Adaptive Vsync sounds like a great idea, want on 7970

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JAG87

Diamond Member
Jan 3, 2006
3,921
3
76
Ah, one of those myths:
Combine vsync/TB with fps limit just below refresh rate FTW

This is from Riva Tuner creator:



http://forums.guru3d.com/showpost.php?p=4227080&postcount=184


I don't think he understands it either, 59 fps into 60 will display as 1 repeated frame every second, which will result in 58 frames at even 16.6 ms intervals and one frame at 33.3 ms, making the average feel like a frame every 16.95 ms, which is pretty friggen close to how 60 fps feels. What he's saying is that if you're limiting below the refresh rate, you obviously need a factor (not a multiple like Mr. Alexey is saying) to obtain perfect intervals. No shit sherlock.

What Oubadah is saying in that post is perfectly valid, capping at 60 fps will give him even intervals at 120Hz if his games aren't capable of sustaining 120 fps. But what he wants to do isn't really advantageous at all. If he can't render 120 fps, and say he can only sustain 80 fps, any frame that cannot be rendered in under 8.3ms (120Hz), will simply result in the previous frame repeating for another refresh and lasting 16.6ms, which is the exact same perceived interval at 60 fps. By capping at 60 he's really just choosing to lose information, because any additional frame that might have arrived withing 8.3ms, now will not.



There's a way I've found that reduces image lag greatly with vsync + triple buffering. It's a program called Dxtory. I set a fps limit of 74, just a digit under my refresh rate (being 75hz), turned on vsync+tb, and now I'm able to enjoy competitive games a LOT better! I recommend everyone who has a fiery hate for image lag AND tearing like me to give this method a try. It's like the equivalent of "max_fps" in Source games and "GameTime.MaxVariableFps" in BF3, except that it works pretty much universally, even in later Source games that had max_fps taken out. I can't believe Nvidia doesn't have this Dxtory feature! Adaptive vsync can go F itself! xD
It must be bliss to do this on a 120hz monitor. I'll know soon enough.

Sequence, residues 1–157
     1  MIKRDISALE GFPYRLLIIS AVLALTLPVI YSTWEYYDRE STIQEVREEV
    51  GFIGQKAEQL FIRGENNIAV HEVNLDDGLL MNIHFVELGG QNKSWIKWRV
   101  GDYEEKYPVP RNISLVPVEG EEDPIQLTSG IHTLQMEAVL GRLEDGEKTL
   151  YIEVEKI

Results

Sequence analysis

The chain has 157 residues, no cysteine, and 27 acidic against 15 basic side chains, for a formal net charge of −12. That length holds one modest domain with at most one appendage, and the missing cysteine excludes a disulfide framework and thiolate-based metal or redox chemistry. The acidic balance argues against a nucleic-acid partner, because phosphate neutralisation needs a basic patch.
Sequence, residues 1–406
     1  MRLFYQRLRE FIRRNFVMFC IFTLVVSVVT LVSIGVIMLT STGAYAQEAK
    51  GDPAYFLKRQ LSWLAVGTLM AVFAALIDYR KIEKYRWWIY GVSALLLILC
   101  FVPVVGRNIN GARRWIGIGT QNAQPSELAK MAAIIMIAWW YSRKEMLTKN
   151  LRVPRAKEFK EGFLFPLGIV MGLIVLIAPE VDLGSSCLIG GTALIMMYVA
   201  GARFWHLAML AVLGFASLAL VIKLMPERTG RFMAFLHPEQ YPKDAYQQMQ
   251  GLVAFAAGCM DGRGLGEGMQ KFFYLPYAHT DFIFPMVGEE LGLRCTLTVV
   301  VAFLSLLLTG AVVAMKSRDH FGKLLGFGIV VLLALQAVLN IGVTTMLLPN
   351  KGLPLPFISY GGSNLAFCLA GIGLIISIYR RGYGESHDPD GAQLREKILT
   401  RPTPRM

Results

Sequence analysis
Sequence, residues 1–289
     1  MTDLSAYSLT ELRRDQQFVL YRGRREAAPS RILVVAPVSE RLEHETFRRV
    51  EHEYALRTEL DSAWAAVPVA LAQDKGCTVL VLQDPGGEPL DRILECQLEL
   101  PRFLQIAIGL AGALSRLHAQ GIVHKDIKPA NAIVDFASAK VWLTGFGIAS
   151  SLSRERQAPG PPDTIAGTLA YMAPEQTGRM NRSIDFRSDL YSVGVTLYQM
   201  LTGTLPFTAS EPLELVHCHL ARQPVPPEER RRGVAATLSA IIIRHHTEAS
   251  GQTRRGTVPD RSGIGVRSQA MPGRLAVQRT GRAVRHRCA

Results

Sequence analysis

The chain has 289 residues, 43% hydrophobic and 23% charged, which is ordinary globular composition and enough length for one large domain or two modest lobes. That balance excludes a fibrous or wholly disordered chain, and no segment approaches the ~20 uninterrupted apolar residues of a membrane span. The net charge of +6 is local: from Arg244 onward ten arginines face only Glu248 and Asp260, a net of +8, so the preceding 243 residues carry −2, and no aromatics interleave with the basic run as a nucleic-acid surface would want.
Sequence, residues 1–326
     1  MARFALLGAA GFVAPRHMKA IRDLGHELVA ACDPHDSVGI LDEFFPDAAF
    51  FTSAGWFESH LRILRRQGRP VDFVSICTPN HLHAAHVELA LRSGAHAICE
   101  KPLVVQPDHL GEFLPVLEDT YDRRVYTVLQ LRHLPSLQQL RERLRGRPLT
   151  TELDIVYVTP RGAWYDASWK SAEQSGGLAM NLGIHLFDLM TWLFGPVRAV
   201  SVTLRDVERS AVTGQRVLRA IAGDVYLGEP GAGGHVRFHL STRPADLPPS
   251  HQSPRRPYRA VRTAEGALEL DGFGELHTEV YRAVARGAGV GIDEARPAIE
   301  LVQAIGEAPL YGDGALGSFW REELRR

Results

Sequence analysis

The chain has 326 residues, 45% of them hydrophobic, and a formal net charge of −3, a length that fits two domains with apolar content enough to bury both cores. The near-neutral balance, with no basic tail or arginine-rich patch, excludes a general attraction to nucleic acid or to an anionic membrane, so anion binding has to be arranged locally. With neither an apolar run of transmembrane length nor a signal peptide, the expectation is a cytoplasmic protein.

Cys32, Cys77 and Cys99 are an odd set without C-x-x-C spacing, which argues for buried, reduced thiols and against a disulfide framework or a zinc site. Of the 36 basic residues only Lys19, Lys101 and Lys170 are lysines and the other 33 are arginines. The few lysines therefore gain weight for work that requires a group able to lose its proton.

Maximum Pre-rendered Frames set to 0 might have something to do with the results too... not totally sure. I keep mine on 0 anyway. No problems.

They do have it. I didn't know this either until not too long ago, but there's a frame rate limiter within the nvidia drivers that can be turned on with nvidia inspector and now with evga precision x (frame rate target feature)
 

taltamir

Lifer
Mar 21, 2004
13,576
6
76
There's a way I've found that reduces image lag greatly with vsync + triple buffering. It's a program called Dxtory. I set a fps limit of 74, just a digit under my refresh rate (being 75hz), turned on vsync+tb, and now I'm able to enjoy competitive games a LOT better! I recommend everyone who has a fiery hate for image lag AND tearing like me to give this method a try. It's like the equivalent of "max_fps" in Source games and "GameTime.MaxVariableFps" in BF3, except that it works pretty much universally, even in later Source games that had max_fps taken out. I can't believe Nvidia doesn't have this Dxtory feature! Adaptive vsync can go F itself! xD
It must be bliss to do this on a 120hz monitor. I'll know soon enough.
Maximum Pre-rendered Frames set to 0 might have something to do with the results too... not totally sure. I keep mine on 0 anyway. No problems.

1. whats wrong with adaptive?
2. Why in the world would you trick vsync into thinking your refresh rate was 1 frame per second less then it actually is? (that should, in fact, cause tearing)